CALL: 973-562-0100 | TEXT: 833-298-9684


During and After COVID-19: Can New Jersey Men and Fathers Move with Their Children?

During and After COVID-19: Can New Jersey Men and Fathers Move with Their Children?

Like many other things during the lockdowns brought on by the pandemic, people have not been doing much moving since March. But job changes and transfers, common before COVID-19 took over everybody’s life, are likely to begin picking up again as businesses come back to life and people either return from a layoff or get a new job.

The family law attorneys at the Micklin Law Group often are asked if men and fathers in New Jersey who are the custodial parent can move with the kids because their work will take them to a different part of the state. There is both a simple and complicated answer.

Not long ago, a father who was still working explained to me when we met in our Virtual Law Office that he was being transferred.

“Not only is it more money,” he explained, “but the new community has better schools and less crime. My two boys will be able to take a school bus, and there are more activities for them. We’d be 20 miles from their mother, so they still can see her every other weekend. Do I need to get approval from a judge to move and can my ex object?”

Since we did not handle his initial divorce five years ago, I asked him to send the final decree to me so I could review it. Any existing agreements or court orders will be the deciding factor in determining whether a father can move with his kids.

Divorced New Jersey Fathers Can Move

Generally, moving within the State of New Jersey does not require the approval of a judge. In situations such as this one, the non-custodial ex-wife would be hard pressed to find a reasonable reason to object. But she would have the right to ask the court to modify the custody agreement and her parenting time. It seems clear that the move would be in the best interests of the children, always a deciding factor, and that the court would have no reason to become involved.

However, as a father and custodial parent in New Jersey, that law says that you must notify the children’s mother of the move and provide all of your new contact information.

Still, if a mother does object, she can file a motion and a judge will conduct a “mini trial,” called a plenary hearing. Typically, when a visitation schedule is being modified a court will reorganize the time children spend with each parent. A judge will take into account the distance between the parent’s homes, how cumbersome the traveling will be for both the parent and the children, and how the new schedule will benefit the kids.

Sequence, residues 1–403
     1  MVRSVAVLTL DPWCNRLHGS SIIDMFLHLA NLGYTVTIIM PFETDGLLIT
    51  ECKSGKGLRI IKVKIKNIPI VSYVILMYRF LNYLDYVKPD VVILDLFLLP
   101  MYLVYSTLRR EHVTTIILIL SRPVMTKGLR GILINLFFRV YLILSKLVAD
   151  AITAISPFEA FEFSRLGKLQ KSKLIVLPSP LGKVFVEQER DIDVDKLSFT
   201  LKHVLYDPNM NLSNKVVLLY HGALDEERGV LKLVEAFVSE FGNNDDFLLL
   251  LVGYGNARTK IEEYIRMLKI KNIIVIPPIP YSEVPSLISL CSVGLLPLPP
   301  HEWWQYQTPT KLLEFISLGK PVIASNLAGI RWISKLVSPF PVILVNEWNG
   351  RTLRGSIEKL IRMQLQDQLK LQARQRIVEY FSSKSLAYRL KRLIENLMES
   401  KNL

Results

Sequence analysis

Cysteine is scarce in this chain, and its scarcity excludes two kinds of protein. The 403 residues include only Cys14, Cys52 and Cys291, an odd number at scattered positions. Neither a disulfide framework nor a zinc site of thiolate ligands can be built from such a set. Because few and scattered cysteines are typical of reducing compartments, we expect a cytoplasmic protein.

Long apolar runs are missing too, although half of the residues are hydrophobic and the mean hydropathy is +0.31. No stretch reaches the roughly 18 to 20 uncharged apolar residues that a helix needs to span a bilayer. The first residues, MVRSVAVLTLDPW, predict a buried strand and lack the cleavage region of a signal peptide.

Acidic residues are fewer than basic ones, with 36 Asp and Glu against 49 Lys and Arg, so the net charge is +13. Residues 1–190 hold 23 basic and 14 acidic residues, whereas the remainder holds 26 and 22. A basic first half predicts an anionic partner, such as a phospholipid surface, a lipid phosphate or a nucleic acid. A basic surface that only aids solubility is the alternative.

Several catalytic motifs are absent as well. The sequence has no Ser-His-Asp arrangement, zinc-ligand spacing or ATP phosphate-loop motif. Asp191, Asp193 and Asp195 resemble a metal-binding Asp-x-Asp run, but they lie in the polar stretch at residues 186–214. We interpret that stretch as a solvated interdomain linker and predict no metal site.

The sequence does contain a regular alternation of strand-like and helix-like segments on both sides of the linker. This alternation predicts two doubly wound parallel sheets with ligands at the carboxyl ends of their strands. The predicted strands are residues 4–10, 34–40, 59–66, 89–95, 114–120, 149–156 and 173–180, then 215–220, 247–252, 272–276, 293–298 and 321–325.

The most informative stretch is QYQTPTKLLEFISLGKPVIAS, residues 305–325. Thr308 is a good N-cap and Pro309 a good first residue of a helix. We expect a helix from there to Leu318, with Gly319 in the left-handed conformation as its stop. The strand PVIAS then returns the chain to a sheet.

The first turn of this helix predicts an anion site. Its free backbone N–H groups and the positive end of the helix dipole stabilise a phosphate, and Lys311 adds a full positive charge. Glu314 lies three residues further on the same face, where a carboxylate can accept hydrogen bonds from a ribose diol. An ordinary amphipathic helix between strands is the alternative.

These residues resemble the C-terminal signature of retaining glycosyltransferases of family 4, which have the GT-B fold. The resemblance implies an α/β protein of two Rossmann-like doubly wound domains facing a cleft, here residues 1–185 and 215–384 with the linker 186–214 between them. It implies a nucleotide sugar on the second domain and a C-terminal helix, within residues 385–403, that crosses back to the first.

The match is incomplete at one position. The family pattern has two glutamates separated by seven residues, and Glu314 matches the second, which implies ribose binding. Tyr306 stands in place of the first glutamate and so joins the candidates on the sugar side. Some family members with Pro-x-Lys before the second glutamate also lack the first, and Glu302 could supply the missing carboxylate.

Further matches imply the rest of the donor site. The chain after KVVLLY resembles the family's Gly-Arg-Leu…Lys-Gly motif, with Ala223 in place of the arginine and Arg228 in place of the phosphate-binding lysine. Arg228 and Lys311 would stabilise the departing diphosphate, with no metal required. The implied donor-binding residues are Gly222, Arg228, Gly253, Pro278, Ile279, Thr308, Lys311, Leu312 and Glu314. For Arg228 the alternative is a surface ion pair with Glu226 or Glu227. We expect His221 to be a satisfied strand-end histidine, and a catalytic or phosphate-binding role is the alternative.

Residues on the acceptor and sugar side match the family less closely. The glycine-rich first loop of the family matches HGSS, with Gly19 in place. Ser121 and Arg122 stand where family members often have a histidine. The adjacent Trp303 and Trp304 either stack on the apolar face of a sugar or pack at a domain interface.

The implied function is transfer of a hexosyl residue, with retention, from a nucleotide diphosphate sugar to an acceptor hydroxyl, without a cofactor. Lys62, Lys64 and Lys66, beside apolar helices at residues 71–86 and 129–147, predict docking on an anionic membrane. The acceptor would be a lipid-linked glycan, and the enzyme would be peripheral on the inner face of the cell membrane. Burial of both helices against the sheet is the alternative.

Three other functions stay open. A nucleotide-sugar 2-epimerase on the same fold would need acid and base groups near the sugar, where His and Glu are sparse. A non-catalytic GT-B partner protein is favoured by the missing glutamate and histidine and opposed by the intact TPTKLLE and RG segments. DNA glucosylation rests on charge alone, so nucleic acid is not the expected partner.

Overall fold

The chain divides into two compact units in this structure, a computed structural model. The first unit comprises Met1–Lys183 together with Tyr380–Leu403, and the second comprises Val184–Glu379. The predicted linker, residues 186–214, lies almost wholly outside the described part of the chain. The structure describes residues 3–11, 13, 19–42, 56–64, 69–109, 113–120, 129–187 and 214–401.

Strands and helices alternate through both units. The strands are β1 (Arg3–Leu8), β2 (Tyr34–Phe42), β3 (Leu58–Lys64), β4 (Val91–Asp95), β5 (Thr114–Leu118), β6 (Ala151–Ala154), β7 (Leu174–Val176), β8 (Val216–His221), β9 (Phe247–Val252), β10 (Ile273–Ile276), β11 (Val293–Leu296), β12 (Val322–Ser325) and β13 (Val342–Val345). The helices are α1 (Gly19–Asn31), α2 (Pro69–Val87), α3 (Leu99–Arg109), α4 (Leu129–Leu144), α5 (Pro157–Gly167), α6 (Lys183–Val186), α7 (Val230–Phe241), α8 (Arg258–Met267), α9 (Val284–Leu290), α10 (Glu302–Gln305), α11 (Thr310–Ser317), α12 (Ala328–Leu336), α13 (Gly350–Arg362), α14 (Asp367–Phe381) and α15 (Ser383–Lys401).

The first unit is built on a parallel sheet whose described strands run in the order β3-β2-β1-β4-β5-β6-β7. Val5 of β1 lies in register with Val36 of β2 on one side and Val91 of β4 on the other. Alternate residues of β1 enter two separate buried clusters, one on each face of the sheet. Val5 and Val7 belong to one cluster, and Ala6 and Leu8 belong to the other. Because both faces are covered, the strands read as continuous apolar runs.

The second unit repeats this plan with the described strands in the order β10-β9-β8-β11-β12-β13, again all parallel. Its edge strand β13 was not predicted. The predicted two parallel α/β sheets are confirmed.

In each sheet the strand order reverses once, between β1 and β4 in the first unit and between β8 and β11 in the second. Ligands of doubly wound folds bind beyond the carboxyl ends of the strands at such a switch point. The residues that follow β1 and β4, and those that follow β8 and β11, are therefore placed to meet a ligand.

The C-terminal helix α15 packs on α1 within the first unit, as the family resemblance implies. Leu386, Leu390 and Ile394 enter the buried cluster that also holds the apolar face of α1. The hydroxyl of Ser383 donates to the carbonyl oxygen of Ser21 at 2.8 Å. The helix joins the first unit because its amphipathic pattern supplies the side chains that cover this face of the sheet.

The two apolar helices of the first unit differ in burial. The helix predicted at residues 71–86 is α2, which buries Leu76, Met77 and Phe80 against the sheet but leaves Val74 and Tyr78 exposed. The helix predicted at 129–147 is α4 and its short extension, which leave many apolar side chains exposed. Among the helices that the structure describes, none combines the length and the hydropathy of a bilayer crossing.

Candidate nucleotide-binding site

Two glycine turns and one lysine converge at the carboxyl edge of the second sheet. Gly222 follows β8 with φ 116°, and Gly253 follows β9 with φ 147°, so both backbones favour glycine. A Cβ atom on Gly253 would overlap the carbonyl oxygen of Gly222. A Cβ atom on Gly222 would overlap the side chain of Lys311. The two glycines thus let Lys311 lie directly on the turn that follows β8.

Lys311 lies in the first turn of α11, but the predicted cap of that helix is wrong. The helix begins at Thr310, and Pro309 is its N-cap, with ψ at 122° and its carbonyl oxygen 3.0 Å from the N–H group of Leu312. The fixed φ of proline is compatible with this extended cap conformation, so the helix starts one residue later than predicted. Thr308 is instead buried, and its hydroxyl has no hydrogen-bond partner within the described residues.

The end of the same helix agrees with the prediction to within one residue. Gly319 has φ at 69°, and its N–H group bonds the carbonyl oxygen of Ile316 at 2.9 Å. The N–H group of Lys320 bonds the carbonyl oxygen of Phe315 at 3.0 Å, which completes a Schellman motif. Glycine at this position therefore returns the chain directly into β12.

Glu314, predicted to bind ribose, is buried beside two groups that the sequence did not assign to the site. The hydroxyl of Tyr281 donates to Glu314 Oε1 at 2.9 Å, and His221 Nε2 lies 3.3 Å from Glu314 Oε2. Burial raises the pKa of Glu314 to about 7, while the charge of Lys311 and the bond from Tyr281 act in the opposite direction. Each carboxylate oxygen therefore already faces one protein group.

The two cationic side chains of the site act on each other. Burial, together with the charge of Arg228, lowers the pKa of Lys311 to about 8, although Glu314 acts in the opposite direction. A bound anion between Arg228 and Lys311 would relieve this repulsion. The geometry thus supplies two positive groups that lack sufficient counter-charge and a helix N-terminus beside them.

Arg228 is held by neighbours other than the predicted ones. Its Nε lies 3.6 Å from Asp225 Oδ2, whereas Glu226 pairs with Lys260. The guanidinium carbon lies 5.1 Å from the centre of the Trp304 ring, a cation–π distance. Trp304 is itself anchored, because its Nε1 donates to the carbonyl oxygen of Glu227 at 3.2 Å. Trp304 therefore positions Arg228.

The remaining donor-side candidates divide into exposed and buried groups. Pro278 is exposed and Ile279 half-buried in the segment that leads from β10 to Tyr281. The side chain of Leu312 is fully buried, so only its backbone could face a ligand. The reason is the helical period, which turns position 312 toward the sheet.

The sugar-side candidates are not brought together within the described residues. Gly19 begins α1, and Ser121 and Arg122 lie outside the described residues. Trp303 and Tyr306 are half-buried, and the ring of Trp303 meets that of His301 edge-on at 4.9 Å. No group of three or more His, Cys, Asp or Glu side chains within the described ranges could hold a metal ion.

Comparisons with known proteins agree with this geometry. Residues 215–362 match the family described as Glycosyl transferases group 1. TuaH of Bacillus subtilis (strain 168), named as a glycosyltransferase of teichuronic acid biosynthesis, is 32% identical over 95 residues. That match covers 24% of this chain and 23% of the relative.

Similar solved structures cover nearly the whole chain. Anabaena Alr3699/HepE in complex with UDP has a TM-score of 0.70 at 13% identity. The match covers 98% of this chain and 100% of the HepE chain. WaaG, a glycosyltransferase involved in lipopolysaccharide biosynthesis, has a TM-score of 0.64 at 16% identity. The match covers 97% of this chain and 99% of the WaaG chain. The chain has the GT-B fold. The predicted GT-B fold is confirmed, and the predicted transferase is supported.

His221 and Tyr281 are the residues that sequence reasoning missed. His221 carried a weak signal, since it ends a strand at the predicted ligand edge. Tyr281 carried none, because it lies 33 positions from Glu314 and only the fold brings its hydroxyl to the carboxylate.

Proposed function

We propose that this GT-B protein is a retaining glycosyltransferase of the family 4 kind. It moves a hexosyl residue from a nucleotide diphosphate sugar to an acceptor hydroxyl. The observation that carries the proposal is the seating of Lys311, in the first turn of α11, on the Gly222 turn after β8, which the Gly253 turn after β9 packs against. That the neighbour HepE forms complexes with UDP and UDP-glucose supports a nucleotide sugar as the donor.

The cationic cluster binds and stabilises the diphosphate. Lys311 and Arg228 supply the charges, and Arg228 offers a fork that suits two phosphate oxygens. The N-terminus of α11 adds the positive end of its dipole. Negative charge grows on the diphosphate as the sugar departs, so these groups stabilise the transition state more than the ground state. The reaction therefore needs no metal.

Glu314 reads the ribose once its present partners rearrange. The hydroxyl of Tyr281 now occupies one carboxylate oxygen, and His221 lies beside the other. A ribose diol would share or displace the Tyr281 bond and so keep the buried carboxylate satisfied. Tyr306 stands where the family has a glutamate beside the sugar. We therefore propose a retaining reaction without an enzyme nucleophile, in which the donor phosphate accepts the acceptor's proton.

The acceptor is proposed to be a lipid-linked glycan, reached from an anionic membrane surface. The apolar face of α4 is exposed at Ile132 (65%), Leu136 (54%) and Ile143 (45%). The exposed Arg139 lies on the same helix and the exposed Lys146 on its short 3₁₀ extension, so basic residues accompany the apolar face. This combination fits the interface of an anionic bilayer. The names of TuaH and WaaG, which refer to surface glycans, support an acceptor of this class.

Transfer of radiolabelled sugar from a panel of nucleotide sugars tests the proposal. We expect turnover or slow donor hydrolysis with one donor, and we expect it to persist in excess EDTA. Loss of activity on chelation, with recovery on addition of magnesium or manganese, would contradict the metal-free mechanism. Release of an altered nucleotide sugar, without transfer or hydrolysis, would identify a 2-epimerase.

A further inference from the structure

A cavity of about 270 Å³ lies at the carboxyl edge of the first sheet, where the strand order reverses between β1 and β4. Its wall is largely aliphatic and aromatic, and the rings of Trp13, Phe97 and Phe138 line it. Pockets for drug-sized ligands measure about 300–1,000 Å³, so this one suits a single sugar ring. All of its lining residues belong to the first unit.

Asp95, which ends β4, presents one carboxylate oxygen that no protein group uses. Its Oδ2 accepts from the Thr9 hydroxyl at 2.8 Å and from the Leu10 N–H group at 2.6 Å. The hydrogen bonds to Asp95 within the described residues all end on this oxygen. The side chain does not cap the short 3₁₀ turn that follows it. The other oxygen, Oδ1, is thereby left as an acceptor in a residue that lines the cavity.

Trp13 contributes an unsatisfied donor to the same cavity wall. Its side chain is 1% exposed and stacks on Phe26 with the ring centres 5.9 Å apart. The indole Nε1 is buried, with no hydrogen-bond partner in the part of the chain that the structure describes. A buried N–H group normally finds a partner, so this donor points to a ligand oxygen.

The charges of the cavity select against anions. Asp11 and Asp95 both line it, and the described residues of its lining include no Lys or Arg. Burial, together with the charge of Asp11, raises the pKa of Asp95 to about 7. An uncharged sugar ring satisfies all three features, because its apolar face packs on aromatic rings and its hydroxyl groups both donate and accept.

What Custodial Fathers Moving Out of New Jersey Must Do

Receiving permission to move out of state is more complicated.

If a custodial father is moving out of New Jersey and wants to take the children with him, approval must be obtained from the family court. To modify a custody or visitation order, a father must demonstrate a “substantial change” that would justify a modification.

A judge will explore the reasons behind the move, why taking the children out of New Jersey will be in their best interests, how will they be able to spend a comparable amount of time with their mother given the greater distance, and how the move will affect any child support payments.

These days, a judge will also want to know about any possible medical implications that might arise if the children are moved out of state.

Obviously, the best solution is for the two parents to negotiate a new arrangement and then ask a court to approve it.

Each family situation is unique. Our child custody attorneys in New Jersey continue to work remotely and are in touch with each other and the court as well as client files thanks to our electronic infrastructure.

If you want to know what might be involved in moving – across the state or across the country –  we can meet with you in our Virtual Law Office or we can discuss your situation by phone at either 973.562.0100 in Nutley or, in Montclair, at 862.245.4620.

To schedule a meeting, click here and select a day and time.

Recent Blogs